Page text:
The Idler Wheel is Wiser Than The Driver Of The Screw and Whipping Cords Will Serve You More Than Ropes Will Ever Do
Fiona Apple (Clean Slate / Epic)

Man, this record. The piece of writing I worked out about it earlier this month says exactly what I want to say:

What I hear when I listen to this record is a ragged bravery, a loose-knuckled grip on any sort of stability, and a gorgeous musical honesty. It’s a complicated, outstanding record. Fiona wheels and rages and turns her scalpel alternately fiercely in on herself and outward on a lover (who she calls out by name, more than once). It feels much more raw and bloody than previous records, as she continues to push forward with letting classical prettiness go. I think that notion alone deserves a slow clap, in a society that tends to prefer our ladyfolk a bit more decorous and docile.

Werewolf – Fiona Apple

Isaac Pierce EP
Isaac Pierce / Ten Speed Music (self-released)

This humble, perfect record landed softly on my ears on Easter morning, as the world was waking up. Isaac Pierce crafts songs out of Seattle that meander and drift, thoughtfully probing before landing perfectly where they need to be. He is a songwriter who taps into the exact same navigation my brain steers by, and this EP is deeply satisfying. “We get to be alive / sleep on your porch tonight / with certain distant songs playing, remind me to thank you for bringing us out here just in time…” All bruises heal.

Isaac is playing a house show for me THIS Wednesday, on January 2, with The Changing Colors (chapel session alums from early on) and Mike Clark (whose “Smooth Sailin’” track started and titled my Summer 2012 mix). You really, really should come.

Warm Bruise – Isaac Pierce

Lonesome Dreams
Lord Huron (IAMSOUND)

This is a slowly-building, warmly calescent record that totally took me by surprise by how much and how quickly I adored it. I think this record is what a roadtrip might sound like across the West Texas desert if I brought Fleet Foxes along in the bed of my pickup truck, and added some warm Afro-Caribbean polyrhythms.

Time To Run – Lord Huron

Sharon Van Etten (Jagjaguwar)

This is an album of heft and grief, but also of a hovering loveliness. You don’t often get those two together because the one usually crushes the other. Sharon balances both. This record strips and excoriates me, which sounds terrible but is the exact opposite: the type of brave catharsis that is so exquisitely and purely crafted that it makes all the hairs stand up on the back of my neck. Her songs wrestle with the desire to love as new as she can, despite her scars, and often start quiet and thoughtfully but crescendo into a hurricane. This is a tremendous, tremendous album.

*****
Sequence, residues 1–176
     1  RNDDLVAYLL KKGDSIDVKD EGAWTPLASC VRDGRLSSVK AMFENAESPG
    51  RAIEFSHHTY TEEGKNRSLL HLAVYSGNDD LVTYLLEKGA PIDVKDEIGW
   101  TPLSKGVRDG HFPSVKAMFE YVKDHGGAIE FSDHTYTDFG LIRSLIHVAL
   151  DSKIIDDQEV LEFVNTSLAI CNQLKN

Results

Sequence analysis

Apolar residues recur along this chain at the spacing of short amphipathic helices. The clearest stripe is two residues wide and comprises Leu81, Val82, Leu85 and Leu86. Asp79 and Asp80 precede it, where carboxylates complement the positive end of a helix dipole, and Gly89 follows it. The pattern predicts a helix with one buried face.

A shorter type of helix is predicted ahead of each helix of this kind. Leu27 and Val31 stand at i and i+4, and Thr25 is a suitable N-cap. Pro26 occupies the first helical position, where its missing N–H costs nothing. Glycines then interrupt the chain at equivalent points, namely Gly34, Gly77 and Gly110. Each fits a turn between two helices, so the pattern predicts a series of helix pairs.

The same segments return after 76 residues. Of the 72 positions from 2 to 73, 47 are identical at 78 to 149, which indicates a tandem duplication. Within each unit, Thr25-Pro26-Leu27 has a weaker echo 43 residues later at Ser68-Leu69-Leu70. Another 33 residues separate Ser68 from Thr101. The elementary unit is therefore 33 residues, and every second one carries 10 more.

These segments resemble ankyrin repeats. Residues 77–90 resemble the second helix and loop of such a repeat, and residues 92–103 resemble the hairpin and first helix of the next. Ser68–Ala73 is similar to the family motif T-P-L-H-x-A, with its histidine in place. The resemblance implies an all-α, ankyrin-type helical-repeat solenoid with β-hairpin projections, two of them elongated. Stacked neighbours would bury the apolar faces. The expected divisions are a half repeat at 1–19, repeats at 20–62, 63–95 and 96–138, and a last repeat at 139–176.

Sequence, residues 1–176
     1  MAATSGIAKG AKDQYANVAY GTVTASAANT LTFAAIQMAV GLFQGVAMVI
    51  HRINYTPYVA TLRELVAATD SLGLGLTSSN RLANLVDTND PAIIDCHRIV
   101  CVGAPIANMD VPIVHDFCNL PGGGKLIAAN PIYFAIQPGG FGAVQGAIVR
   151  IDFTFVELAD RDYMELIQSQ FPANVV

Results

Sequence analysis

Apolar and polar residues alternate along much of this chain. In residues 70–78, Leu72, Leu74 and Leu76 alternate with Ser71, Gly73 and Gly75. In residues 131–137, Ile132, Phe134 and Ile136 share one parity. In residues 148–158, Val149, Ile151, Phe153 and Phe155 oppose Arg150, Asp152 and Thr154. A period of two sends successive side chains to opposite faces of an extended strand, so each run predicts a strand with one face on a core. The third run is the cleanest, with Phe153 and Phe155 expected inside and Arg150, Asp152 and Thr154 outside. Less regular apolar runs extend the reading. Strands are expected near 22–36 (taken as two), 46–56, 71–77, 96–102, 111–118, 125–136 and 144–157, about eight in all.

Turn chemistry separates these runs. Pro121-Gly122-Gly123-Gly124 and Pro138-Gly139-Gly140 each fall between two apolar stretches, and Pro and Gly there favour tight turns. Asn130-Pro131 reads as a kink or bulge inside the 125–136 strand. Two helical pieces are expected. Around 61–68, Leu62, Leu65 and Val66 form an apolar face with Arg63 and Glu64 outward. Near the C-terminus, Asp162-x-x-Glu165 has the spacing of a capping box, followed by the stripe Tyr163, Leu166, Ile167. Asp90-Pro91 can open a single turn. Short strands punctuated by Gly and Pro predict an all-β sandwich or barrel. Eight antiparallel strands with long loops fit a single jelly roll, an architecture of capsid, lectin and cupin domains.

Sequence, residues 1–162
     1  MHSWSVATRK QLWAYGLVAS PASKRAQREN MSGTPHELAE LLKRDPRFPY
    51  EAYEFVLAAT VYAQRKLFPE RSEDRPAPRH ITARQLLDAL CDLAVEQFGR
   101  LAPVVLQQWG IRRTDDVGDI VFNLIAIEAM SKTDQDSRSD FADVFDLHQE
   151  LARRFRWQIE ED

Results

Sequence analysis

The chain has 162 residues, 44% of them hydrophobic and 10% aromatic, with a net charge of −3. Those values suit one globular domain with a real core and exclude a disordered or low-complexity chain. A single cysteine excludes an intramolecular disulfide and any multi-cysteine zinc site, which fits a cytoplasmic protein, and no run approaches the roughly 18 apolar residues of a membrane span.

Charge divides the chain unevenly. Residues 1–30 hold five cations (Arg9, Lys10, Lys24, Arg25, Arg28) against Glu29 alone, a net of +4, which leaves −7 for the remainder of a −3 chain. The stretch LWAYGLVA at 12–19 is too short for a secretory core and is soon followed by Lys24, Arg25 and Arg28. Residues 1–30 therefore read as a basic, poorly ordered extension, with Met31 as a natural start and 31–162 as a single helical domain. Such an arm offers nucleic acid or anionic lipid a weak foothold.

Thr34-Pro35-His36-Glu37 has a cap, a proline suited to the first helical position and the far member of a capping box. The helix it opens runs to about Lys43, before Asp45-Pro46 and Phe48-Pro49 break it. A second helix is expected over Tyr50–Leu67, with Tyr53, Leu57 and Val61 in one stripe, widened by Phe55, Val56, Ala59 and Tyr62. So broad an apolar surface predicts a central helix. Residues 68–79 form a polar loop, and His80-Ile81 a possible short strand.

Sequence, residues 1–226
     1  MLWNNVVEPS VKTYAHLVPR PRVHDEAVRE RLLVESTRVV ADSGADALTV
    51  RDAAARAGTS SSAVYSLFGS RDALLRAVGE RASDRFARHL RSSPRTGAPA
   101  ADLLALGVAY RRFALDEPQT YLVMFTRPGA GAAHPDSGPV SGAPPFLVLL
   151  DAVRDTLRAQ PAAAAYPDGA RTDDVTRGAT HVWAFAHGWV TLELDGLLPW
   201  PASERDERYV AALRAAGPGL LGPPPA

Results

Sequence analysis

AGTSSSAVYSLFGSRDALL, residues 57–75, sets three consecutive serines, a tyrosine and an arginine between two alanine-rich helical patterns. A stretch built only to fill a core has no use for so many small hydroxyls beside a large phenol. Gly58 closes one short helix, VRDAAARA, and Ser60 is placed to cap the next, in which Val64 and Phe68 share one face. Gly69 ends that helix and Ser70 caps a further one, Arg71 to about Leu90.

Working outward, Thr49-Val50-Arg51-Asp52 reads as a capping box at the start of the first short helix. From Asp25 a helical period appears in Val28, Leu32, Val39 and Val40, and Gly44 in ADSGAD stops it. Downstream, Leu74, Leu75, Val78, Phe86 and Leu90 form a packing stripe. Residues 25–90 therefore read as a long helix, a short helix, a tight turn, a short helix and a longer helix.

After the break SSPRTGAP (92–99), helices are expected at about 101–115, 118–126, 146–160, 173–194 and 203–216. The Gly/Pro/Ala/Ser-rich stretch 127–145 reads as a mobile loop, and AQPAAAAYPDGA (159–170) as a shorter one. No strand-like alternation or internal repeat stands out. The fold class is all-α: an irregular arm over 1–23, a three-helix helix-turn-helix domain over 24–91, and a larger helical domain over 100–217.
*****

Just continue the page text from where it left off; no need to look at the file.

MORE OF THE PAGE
All I Can – Sharon Van Etten


Most Important Song of 2012:
“Same Love,” Macklemore & Ryan Lewis

Because of this:

New Artist I Am Most Excited About in 2013: Night Beds

Because of a voice like this:

In the old tunnels off Gold Camp Road in Western Colorado Springs, Winston Yellen of Night Beds (debut record out February 5 on Dead Oceans) covered 1950s chanteuse Jo Stafford last night, illuminated by the car headlights.

The first Fuel/Friends Tunnel Session, and a pretty damn good way to end 2012.

April 24, 2012

Fuel/Friends Chapel Session #14 :: Adam Arcuragi & the Lupine Chorale Society

Adam Arcuragi has this rumbly deep, soulful voice that roils down into the bottom sediments of the lagoons and trolls up things for me. His is a kind of sturdy music that radiates equal parts gospel retribution, the pull of the sea or the drive of torrential rains, and so many voices rising together to answer the questions (or at least give it a shot, with conviction). Somewhere along the line his music got deemed “Death Gospel,” a name that totally fits when you listen to the way he describes it: “Death Gospel is anything that sees the inevitability of death as a reason to celebrate all the special wonder that is being alive and sentient.”

I fell for Adam Arcuragi & the Lupine Chorale Society pretty instantaneously when I saw them pouring out all their musical joy and four-part harmonies in their song “Bottom of the River” in a NYC flea market for the Blogotheque Sessions. Then after I finished the battery of my first graduate school residency, feeling dessicated, the torrent of his songs roared through again with the release of Like A Fire That Consumes All Before It… (out now on Thirty Tigers), saving me from that particularly pernicious breed of self-doubt and soul-weariness.

This chapel session was the first one recorded in the shiny new year of 2012, at the end of January on a Saturday morning so gorgeously clear and perfectly ice blue. The band had slept at my parents’ house the night before, due to me being full-up with wonderful couchsurfers, and my mom had laid a clean set of towels on each bed and made them all breakfast. So I think they were in a pretty good mood (me too), so much so that they were taking requests and inviting me to sing along. Like most bands who end up in the church, I knew from the first time I heard them that I wanted this recording to happen (Lupine: “of, like, or pertaining to wolves” – I’m all for the howling) and it didn’t disappoint.